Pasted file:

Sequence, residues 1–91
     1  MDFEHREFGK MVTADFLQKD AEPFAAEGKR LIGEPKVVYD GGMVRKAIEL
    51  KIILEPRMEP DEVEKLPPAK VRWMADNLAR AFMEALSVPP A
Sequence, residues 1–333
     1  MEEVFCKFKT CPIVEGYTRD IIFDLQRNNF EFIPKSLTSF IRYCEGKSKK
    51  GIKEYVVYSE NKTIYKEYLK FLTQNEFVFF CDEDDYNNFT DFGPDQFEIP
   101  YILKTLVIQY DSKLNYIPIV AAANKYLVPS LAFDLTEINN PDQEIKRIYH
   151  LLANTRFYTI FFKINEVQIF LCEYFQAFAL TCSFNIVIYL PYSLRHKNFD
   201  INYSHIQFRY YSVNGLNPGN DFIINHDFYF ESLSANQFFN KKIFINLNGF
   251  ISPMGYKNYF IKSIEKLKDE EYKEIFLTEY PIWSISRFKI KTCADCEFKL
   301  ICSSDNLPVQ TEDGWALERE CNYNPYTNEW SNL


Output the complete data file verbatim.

Sequence, residues 1–91
     1  MDFEHREFGK MVTADFLQKD AEPFAAEGKR LIGEPKVVYD GGMVRKAIEL
    51  KIILEPRMEP DEVEKLPPAK VRWMADNLAR AFMEALSVPP A
Sequence, residues 1–333
     1  MEEVFCKFKT CPIVEGYTRD IIFDLQRNNF EFIPKSLTSF IRYCEGKSKK
    51  GIKEYVVYSE NKTIYKEYLK FLTQNEFVFF CDEDDYNNFT DFGPDQFEIP
   101  YILKTLVIQY DSKLNYIPIV AAANKYLVPS LAFDLTEINN PDQEIKRIYH
   151  LLANTRFYTI FFKINEVQIF LCEYFQAFAL TCSFNIVIYL PYSLRHKNFD
   201  INYSHIQFRY YSVNGLNPGN DFIINHDFYF ESLSANQFFN KKIFINLNGF
   251  ISPMGYKNYF IKSIEKLKDE EYKEIFLTEY PIWSISRFKI KTCADCEFKL
   301  ICSSDNLPVQ TEDGWALERE CNYNPYTNEW SNL